Supply chains are highly interconnected and often involve multiple third-party vendors and suppliers, which increases the risk of cyber-attacks. Any weak link in the supply chain can put the entire operation at risk, and businesses must proactively identify and address these vulnerabilities.
One of the main risks associated with supply chain operations is the use of outdated or insecure technology. For example, many supply chain partners may still be using older versions of software that have known security vulnerabilities. Hackers can exploit these vulnerabilities to gain access to sensitive data or disrupt operations.
Another common risk is the lack of communication and collaboration between supply chain partners when it comes to cyber security. Each partner may have their approach to cyber security, and this can create gaps or overlaps in the overall security strategy. Businesses must prioritize communication and collaboration with their supply chain partners to ensure everyone is aligned with cyber security best practices.
Businesses must take a proactive and holistic approach to strengthen cyber security and risk management. This includes
- Implementing robust security measures across the entire supply chain
- Conducting regular risk assessments, and
- Developing a response plan in case of a cyber-attack or data breach
One example of a business taking a proactive approach to cyber security in supply chain operations is Intel. The technology company has implemented a program called the Cyber Security Assurance Program (CSAP), designed to ensure the security of its supply chain partners. The program includes rigorous security assessments, training, and regular monitoring to ensure partners follow the best practices.
Another example is Walmart, which has launched a blockchain-based supply chain platform that enhances transparency and traceability in its operations. The platform allows Walmart to track products from suppliers to customers, and any changes to the supply chain are recorded and verified on the blockchain. This helps to reduce the risk of fraudulent activities and increases overall cyber security in the supply chain.
The Hidden Vulnerabilities
One of the biggest vulnerabilities in supply chains is the lack of visibility and control. As supply chains become more complex, businesses are relying on third-party vendors and suppliers to provide goods and services. However, these vendors and suppliers may not have the same level of security measures in place as the business, making them a weak link in the chain. According to a survey by Deloitte, 37% of companies do not have complete visibility into their supply chains, leaving them vulnerable to cyber-attacks.
Vulnerability lies in the use of outdated software. Many businesses are still using outdated systems that need to be equipped to handle modern cybersecurity threats. These systems may have vulnerabilities that hackers can exploit, putting the entire supply chain at risk. The 2020 Cost of a Data Breach Report by IBM found that businesses using outdated systems were more likely to experience a data breach, with the average cost of a breach reaching $3.86 million.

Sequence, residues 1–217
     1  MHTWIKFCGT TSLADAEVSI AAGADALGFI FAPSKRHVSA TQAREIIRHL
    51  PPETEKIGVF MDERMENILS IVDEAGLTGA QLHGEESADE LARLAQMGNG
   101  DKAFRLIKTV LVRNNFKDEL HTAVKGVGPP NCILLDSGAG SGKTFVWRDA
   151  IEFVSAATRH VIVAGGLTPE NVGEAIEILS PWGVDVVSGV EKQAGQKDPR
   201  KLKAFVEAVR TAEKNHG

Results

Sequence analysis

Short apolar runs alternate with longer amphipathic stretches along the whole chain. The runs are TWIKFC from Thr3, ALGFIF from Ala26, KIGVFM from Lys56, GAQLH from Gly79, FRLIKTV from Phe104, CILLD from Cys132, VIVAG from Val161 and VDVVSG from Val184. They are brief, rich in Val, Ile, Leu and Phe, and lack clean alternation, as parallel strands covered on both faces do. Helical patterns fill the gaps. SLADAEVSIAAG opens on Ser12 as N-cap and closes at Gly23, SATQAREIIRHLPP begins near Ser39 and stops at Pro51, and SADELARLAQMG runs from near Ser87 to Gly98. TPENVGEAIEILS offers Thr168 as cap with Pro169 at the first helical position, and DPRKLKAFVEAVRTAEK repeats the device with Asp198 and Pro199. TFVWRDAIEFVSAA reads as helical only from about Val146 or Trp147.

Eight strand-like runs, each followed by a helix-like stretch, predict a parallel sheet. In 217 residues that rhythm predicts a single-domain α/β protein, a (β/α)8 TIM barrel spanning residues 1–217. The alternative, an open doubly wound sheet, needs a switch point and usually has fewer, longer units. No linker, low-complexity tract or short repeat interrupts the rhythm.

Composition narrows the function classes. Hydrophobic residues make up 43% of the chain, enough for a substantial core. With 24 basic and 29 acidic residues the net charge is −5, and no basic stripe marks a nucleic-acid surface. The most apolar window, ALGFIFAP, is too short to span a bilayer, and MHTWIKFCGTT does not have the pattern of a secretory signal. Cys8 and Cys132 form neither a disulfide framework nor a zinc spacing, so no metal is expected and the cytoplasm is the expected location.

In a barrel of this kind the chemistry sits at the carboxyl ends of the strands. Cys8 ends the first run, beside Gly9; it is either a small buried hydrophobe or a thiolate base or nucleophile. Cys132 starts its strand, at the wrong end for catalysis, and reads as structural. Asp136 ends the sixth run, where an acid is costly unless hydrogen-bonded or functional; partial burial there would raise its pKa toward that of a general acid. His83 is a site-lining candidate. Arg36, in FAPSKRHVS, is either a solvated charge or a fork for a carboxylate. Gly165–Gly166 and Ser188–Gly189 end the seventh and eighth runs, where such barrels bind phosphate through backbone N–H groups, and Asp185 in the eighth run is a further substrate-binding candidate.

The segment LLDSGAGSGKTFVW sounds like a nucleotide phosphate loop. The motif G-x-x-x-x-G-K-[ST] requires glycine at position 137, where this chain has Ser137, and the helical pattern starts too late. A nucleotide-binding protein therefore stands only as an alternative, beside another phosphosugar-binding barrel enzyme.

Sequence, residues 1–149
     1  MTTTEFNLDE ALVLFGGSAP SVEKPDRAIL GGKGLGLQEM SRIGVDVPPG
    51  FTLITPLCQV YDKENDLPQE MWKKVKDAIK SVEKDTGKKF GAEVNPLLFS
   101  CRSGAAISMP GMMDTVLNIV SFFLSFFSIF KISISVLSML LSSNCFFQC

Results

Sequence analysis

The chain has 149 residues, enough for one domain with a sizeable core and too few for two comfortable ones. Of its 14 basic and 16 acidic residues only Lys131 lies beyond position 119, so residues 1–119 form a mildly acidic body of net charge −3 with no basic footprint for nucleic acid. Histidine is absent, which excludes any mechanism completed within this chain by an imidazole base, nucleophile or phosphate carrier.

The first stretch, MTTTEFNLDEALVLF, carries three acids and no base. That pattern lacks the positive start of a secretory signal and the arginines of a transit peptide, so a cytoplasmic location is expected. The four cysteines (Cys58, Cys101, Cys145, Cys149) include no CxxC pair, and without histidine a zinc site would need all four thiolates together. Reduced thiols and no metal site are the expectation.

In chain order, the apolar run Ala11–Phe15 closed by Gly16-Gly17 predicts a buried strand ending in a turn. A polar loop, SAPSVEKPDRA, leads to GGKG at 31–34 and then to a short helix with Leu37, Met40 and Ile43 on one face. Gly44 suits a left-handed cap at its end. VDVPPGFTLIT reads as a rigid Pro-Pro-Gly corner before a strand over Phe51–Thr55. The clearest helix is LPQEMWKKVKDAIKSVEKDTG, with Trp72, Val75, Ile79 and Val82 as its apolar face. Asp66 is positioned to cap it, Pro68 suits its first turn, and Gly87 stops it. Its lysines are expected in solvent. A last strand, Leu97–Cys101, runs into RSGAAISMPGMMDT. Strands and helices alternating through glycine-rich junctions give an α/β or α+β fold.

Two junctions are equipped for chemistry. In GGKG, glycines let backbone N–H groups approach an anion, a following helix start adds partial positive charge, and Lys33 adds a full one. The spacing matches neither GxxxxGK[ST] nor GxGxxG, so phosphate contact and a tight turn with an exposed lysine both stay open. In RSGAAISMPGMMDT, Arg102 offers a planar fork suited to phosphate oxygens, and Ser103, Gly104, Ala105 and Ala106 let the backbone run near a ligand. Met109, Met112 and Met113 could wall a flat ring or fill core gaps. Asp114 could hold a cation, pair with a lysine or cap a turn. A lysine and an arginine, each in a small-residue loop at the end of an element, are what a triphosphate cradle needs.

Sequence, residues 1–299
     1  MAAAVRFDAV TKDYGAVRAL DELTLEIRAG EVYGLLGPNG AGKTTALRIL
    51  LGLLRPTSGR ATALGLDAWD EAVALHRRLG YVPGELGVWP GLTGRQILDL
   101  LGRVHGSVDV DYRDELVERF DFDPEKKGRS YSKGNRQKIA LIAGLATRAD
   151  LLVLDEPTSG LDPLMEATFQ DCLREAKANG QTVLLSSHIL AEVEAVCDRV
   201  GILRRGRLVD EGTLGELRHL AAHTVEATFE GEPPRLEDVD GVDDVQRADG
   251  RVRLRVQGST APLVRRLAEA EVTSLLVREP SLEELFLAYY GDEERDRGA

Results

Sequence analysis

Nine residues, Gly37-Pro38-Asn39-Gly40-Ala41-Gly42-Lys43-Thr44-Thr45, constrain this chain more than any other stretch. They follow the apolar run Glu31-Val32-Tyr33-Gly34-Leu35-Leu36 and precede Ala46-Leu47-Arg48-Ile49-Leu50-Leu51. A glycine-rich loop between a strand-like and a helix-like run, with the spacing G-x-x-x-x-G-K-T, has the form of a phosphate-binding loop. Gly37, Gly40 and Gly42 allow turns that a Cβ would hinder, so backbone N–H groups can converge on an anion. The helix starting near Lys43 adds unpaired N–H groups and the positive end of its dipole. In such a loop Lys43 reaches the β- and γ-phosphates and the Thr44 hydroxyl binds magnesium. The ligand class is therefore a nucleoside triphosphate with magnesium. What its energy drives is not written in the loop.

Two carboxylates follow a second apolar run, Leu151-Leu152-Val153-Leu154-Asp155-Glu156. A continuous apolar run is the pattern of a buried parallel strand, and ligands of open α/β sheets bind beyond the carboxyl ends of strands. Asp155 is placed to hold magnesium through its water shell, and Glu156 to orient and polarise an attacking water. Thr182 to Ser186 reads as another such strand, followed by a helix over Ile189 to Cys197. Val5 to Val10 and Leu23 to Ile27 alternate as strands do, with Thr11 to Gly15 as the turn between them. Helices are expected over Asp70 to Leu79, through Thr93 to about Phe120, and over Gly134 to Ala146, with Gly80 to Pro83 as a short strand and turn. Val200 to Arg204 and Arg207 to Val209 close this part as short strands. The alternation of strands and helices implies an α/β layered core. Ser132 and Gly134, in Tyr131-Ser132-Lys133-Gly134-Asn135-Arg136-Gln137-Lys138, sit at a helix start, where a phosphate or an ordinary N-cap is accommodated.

Strengthening Cyber Security and Risk Management
To address these vulnerabilities, supply chain companies need to take a proactive approach to cyber security and risk management. Here are some steps they can take:
Conduct Risk Assessments
Risk assessments can help businesses identify potential vulnerabilities in their supply chain and develop a plan to address them. This includes assessing the security measures of third-party vendors and suppliers and ensuring they meet the same security standards as the business.
Implement Multi-Factor Authentication
Multi-factor authentications add an extra layer of security to login credentials, making it more difficult for hackers to gain access to sensitive information. This can be especially important for businesses using cloud-based systems or sharing sensitive data with third-party vendors.
Update Systems and Software
Businesses should ensure that all systems and software are up to date and have the latest security patches installed. This can help prevent vulnerabilities that hackers can exploit.
Develop a Response Plan
Even with the best security measures in place, breaches can still happen. Businesses should have a response plan that outlines the steps to take in the event of a cyber-attack. This includes notifying stakeholders, containing the breach, and restoring systems and data.
Few Latest Examples
The need for strengthened cyber security and risk management in supply chains has become even more evident in recent years. In 2020, the SolarWinds hack exposed vulnerabilities in the supply chains of several US government agencies and private companies. The attack was carried out by hackers who infiltrated the software supply chain and inserted malicious code that gave them access to sensitive information.
In response to this attack, the US government issued an executive order aimed at improving the cyber security of federal agencies and their supply chains. The order includes requirements for multi-factor authentication, encryption, and the security standards for third-party vendors and suppliers.
The supply chain is no doubt one of the most critical components of any business operation in the world. On one end, technology has served to streamline and optimize supply chain movement in a major way. On the other end, it has also exposed them to cyber security threats. The hidden vulnerabilities in supply chains can put businesses at risk of data breaches, loss of intellectual property, and reputational damage. By taking a proactive approach to cyber security and risk management, supply chain companies can identify and address these vulnerabilities and strengthen their supply chains. Businesses must stay updated with the latest security threats and measures to ensure supply chain security.